16 comments on “Loch Ard. 1880 and 2008.

    • As a child I was always disappointed that they didn’t end up married and living happily ever after, it was like fairytales weren’t even real!!! 😉

  1. I’m not awake yet. I read this and was going to comment and then somehow didn’t. 😦 Oh well.

    I’ve been down on that beach too and it really does feel as if so isolated and unforgiving.

    • Even when you are surrounded by busloads of camera toting tourists it still feels remote. It certainly was an amazing feat of survival.

      I always love the thought of the person who packed the peacock finding out that they had done such a good job that it arrived safely regardless. It is a beautiful thing too, the colours are so amazing. Have you ever seen it?

      • Yes, that peacock represents a tiny piece of immortality for the person who packed it. And no, I haven’t. My sister-in-law and I took our kids there and they were too little to appreciate museums… or to be let loose in them. 😉

        • The museum that holds it these days is fantastic for kids. It is Flagstaff Hill and is very interactive.

          When you walk in the door it is as though you are out at sea, the floor stays still but the walls around you are moving as though you are on a heaving ship. Your legs just want to fall you straight over as you stagger to the door at the other end! It has lots of things to look at inside and when you get outside it is into a small heritage village similar to Sovereign Hill.
          It is just beautiful and has a puzzle trail for the kids to follow, ending with a box packing puzzle in the bottom of one of the boats floating out in their pond. We were very lucky when we took the kids, it was mid-week and we had the whole place pretty much to ourselves for most of the day.

          It is so nice that many museums go out of their way to cater for kids now.

  2. Fascinating story. The guy manages to make it ashore alive and then goes out and rescues the woman. He then sets out three miles to get help. I’d imagine after either, a) making it to shore or b) rescuing someone, you’d be pretty well exhausted at that point. Never mind having to go for a walk of three miles to get help.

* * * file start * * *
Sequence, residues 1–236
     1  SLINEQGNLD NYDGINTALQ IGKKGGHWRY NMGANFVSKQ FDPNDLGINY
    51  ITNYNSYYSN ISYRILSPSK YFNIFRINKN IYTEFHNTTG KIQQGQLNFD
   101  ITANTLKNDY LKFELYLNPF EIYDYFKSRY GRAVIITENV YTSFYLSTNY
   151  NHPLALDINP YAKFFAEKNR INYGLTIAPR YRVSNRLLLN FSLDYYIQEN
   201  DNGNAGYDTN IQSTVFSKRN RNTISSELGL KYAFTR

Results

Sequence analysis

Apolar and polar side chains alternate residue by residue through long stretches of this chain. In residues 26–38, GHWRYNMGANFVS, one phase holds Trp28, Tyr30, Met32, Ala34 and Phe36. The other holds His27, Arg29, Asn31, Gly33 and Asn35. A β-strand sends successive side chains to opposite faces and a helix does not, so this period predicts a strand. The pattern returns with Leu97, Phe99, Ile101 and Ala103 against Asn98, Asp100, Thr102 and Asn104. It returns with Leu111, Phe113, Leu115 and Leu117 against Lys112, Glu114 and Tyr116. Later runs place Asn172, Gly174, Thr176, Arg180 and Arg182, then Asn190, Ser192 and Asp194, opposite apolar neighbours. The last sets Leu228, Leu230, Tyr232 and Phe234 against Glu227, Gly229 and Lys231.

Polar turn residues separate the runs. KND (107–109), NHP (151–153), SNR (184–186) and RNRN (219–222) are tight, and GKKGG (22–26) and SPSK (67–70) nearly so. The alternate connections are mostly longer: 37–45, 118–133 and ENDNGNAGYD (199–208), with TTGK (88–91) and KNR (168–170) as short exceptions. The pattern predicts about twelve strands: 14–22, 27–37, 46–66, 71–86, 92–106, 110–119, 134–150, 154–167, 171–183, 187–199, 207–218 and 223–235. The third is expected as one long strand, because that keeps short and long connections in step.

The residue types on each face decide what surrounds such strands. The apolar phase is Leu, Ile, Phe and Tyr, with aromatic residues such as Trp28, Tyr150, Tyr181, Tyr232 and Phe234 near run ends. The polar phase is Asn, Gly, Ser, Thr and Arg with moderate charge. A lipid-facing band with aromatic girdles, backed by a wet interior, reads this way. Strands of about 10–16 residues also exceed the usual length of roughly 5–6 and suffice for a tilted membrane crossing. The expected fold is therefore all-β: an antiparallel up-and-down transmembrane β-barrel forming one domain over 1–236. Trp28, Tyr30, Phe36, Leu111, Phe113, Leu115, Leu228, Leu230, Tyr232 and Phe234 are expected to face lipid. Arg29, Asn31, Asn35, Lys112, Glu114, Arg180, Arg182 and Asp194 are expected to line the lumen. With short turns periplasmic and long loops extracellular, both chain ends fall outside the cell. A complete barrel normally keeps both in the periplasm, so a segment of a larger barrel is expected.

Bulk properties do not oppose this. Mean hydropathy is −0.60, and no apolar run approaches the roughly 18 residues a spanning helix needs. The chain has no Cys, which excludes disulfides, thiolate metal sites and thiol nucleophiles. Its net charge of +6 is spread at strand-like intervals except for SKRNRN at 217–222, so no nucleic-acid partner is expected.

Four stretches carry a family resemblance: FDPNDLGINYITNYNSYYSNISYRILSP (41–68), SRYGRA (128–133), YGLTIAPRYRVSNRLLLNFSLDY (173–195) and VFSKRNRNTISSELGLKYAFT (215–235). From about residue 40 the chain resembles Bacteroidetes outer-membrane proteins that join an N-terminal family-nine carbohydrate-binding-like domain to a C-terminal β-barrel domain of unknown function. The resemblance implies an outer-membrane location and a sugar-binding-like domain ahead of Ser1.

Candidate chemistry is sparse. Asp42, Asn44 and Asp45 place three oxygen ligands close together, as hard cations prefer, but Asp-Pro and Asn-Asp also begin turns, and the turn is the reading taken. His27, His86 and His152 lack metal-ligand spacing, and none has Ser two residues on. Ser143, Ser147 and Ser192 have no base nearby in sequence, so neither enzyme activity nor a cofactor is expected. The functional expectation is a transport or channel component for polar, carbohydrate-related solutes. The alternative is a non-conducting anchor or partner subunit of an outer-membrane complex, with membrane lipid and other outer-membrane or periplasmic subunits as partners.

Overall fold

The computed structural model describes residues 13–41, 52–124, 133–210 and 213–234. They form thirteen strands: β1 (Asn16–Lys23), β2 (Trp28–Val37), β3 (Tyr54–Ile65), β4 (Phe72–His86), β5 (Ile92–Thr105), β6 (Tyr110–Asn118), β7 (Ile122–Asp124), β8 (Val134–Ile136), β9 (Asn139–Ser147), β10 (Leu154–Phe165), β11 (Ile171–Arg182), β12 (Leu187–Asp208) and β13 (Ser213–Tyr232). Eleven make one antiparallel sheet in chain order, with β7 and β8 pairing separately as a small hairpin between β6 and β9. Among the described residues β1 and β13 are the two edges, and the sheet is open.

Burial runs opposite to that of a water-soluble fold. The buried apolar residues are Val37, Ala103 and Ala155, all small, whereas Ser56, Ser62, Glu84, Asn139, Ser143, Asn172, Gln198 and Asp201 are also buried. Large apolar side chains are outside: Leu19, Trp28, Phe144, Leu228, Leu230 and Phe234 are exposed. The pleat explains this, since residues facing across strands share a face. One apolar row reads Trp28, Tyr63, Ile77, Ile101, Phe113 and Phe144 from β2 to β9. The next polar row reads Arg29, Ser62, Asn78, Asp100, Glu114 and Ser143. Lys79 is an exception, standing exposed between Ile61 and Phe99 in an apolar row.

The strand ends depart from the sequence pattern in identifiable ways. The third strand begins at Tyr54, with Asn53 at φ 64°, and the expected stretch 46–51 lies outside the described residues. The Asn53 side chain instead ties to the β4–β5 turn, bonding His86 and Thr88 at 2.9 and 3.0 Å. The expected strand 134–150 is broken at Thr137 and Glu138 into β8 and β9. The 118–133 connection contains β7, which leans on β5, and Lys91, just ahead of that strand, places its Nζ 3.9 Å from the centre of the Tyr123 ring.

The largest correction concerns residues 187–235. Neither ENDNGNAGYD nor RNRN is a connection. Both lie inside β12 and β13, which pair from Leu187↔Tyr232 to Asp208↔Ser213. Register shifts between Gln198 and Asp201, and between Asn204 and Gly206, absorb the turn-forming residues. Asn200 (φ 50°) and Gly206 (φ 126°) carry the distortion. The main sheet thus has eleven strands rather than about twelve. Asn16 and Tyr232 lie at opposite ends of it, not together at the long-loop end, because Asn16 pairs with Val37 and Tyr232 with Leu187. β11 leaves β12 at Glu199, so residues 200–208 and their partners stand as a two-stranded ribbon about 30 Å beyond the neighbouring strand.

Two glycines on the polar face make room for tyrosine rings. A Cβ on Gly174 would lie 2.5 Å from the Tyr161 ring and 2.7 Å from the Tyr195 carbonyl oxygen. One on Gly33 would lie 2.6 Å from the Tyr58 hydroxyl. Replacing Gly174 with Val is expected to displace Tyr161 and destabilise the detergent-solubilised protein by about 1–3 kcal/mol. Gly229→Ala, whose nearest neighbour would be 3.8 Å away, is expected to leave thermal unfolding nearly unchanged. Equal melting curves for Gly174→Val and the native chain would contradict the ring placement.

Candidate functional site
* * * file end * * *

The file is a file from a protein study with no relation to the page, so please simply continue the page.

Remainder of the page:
The peacock part of the story – well, that’s just one of the oddball

    • It is a great story. Tom didn’t even know where to go, he just walked until he found hooprints, followed them and stumbled upon some horsemen. He told his story and they rode for help. Amazingly he then walked back to the cave where he had left Eva. You would have thought they could have lent him a horse.
      Once he finally made it to Melbourne he was feted as a hero, he certainly deserved it didn’t he!

  3. I’ve never heard of this sad story (sad for the 54 who didn’t survive). That’s a great photo, kind of give the reader an idea of what Pearce and Carmichael went through.

    • It is a sad story. That part of Victoria is called the shipwreck coast. The famous Great Ocean Road follows along some of the most spectacular coast line, incorporating the Twelve Apostles, and when you see the wave smashing against those rocky outcrops just standing out at sea it is hardly a surprising name.

      I’m glad you liked the photo, I had to stand out on the beach for ages and wait for all the tourists to move on before I could get the appropriately empty beach shot. It wouldn’t have been anywhere near as effective with 50 camera wielding people in the shot! 😉

    • It is just a perfect ending, isn’t it! The peacock is absolutely splendid too, every time I see it I marvel at its survival. I know that is what it is famous for but it is almost inconceivable that such a large piece of porcelain made it through a shipwreck in one piece.

      I know I have photos of it somewhere but I spent ages searching through my photo files and couldn’t find a single one….grrrr….. If you google Loch Ard peacock you will have no trouble finding it though.

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